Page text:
Appreciate your pastor
Milton A. Hollifield Jr., BSC Executive Director-Treasurer
August 23, 2010

Appreciate your pastor

Appreciate your pastor
Milton A. Hollifield Jr., BSC Executive Director-Treasurer
August 23, 2010

Before coming to serve at
the Baptist State Convention of North Carolina I served a number of years as a
pastor. My years as a pastor were some of the greatest in my life. The Lord
taught me what it means to really study the Scriptures and what it means to
really love people and serve people.

However, as I learned and as
many of you can surely understand, being a pastor was one of the most
challenging experiences of my life. A great sense of responsibility comes when
you are given the task to correctly divide the Word of God and to shepherd
God’s children.

The demands on a pastor are
great. A recent article that came out in The New York Times talks about how
more and more pastors are facing the problem of burnout.

A researcher at Duke
University commented in the article that one pastor he met had not taken a
vacation in 18 years. Why? The researcher said it is because pastors and
clergy, “tend to be driven by a sense of a duty to God to answer every call for
help from anybody, and they are virtually called upon all the time, 24/7.”

Having had the tremendous
privilege and blessing of meeting many of our North Carolina Baptist pastors, I
know they are indeed called upon 24/7 and, because of their servant hearts, try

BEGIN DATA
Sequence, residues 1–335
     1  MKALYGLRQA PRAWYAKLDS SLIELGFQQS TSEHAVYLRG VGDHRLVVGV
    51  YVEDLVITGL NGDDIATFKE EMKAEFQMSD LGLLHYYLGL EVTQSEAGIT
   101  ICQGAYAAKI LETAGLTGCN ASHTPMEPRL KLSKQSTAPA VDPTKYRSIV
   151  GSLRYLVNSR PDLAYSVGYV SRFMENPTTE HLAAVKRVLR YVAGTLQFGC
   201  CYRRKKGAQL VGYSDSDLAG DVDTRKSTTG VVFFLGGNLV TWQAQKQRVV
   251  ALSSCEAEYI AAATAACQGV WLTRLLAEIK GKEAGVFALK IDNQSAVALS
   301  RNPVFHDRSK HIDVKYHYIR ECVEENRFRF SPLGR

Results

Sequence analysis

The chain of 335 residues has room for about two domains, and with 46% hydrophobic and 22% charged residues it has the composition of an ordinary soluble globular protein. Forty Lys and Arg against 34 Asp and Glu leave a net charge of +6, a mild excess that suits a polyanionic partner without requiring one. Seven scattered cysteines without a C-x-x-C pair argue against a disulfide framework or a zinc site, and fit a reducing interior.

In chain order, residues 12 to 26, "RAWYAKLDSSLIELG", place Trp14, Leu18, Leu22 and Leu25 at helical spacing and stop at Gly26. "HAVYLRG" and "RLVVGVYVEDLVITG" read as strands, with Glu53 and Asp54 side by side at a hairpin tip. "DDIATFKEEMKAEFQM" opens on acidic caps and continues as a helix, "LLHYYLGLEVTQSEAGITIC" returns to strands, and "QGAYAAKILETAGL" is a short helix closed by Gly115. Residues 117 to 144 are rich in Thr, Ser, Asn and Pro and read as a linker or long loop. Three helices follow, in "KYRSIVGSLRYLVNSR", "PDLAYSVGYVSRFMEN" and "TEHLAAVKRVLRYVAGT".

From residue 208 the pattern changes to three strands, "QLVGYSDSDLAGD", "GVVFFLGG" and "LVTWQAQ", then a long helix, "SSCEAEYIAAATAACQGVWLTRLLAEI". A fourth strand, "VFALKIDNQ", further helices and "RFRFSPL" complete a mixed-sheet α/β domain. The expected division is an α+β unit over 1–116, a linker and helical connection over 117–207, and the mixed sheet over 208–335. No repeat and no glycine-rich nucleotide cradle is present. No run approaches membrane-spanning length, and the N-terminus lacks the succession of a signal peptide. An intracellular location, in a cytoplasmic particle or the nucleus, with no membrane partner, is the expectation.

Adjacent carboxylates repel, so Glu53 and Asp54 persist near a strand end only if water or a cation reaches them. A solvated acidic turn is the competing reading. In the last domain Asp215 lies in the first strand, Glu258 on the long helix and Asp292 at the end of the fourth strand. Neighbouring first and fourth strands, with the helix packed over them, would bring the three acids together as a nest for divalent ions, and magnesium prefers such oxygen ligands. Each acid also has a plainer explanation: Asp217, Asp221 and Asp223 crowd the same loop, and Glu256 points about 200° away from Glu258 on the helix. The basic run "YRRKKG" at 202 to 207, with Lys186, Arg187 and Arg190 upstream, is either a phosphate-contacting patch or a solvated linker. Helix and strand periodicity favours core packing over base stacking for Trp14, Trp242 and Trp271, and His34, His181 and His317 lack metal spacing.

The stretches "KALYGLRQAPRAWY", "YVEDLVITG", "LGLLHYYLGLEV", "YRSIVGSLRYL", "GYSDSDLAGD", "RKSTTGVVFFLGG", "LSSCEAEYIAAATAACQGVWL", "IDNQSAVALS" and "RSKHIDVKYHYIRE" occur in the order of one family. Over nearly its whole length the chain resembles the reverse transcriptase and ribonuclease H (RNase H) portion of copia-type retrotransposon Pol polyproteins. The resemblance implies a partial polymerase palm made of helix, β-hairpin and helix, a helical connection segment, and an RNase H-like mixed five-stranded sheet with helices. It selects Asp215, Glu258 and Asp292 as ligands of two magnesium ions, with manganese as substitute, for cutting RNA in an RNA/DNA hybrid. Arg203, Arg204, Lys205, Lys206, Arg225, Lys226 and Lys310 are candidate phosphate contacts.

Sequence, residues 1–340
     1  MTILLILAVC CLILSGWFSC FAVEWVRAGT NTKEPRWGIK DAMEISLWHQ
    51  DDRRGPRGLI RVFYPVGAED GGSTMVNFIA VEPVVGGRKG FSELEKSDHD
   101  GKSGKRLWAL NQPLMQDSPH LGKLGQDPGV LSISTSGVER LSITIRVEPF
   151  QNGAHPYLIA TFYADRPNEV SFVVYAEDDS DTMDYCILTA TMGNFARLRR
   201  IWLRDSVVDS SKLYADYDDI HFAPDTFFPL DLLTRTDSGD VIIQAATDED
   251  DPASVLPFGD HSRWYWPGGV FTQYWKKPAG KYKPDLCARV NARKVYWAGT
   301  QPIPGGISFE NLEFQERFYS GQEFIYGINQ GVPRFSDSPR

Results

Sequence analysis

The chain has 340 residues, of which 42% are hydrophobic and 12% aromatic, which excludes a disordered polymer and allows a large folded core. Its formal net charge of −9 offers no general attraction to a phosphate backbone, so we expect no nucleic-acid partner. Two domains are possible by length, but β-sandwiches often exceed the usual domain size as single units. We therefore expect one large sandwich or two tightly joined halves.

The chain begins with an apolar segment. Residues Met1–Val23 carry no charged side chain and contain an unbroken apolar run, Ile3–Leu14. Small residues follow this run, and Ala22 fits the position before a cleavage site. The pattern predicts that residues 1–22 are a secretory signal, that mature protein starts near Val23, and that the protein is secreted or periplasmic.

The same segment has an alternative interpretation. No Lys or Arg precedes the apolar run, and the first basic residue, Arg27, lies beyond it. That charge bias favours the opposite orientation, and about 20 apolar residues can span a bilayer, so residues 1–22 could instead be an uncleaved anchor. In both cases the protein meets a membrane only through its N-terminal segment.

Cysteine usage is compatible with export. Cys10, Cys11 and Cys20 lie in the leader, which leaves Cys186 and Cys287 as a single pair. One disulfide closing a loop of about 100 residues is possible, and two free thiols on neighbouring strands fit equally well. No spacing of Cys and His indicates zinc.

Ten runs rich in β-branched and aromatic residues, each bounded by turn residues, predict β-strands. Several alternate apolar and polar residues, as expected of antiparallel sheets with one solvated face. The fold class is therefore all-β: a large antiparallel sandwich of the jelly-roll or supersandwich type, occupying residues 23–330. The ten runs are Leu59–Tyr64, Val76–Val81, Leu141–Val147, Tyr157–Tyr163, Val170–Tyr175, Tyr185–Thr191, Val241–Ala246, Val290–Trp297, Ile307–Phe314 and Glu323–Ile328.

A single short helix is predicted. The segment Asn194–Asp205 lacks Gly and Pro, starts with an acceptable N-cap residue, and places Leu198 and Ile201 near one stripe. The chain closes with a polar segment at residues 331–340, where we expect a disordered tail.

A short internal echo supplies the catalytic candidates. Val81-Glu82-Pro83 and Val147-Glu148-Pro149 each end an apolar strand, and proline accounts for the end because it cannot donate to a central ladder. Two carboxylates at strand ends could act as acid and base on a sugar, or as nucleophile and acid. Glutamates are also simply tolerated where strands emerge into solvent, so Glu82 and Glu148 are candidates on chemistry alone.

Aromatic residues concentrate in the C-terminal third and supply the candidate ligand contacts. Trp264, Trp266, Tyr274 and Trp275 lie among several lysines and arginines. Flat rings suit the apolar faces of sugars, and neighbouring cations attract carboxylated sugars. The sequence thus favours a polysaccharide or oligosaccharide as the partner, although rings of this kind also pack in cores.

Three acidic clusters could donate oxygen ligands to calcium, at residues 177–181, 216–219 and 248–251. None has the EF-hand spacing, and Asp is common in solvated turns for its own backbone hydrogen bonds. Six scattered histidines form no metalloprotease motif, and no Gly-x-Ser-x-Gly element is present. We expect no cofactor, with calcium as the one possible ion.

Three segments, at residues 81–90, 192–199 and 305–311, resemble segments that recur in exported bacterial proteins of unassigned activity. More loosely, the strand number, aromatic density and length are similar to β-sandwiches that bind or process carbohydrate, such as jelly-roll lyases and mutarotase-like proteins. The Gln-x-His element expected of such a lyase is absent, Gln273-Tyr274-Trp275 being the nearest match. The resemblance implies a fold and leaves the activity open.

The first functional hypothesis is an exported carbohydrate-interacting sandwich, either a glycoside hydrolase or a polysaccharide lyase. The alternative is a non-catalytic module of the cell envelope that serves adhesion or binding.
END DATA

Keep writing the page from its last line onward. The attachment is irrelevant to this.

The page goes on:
to do whatever they can to help those in the congregation or community. The
task can be overwhelming, and I am not surprised to read that pastors are
trying to figure out how to balance all that life demands.

Maintaining balance is very
important for a pastor. Your staff at the Baptist State Convention understands
this, and they want to help pastors in our state achieve balance in all areas
of their lives. To do this, we have hosted a one-day event called “Church Health
Institutes” all across the state. The next one coming up is on Sept. 9.

During these events pastors
work through a framework called the “Well-Lived Minister’s Life” when they
evaluate their health in various areas, such as spiritual vitality, marriage,
family and setting boundaries. I encourage you to attend one of these
institutes and let God refresh and re-energize your life and ministry.

Pastor Appreciation Month is
just around the corner. Please take some time during the month of October to
let your pastor know you are grateful for his faithfulness to the calling God
placed on his life. Healthy churches begin with healthy, godly leaders. Thank
your pastor for leading your church to be a body of believers focused on
Kingdom work. Thank your pastor for doing all the many different things he does
in order to care and to serve.

To our North Carolina
Baptist pastors, you have my sincere thanks.

“And we beseech you,
brethren, to know them which labour among you, and are over you in the Lord,
and admonish you; and to esteem them very highly in love for their work’s

— 1 Thessalonians 5:12-13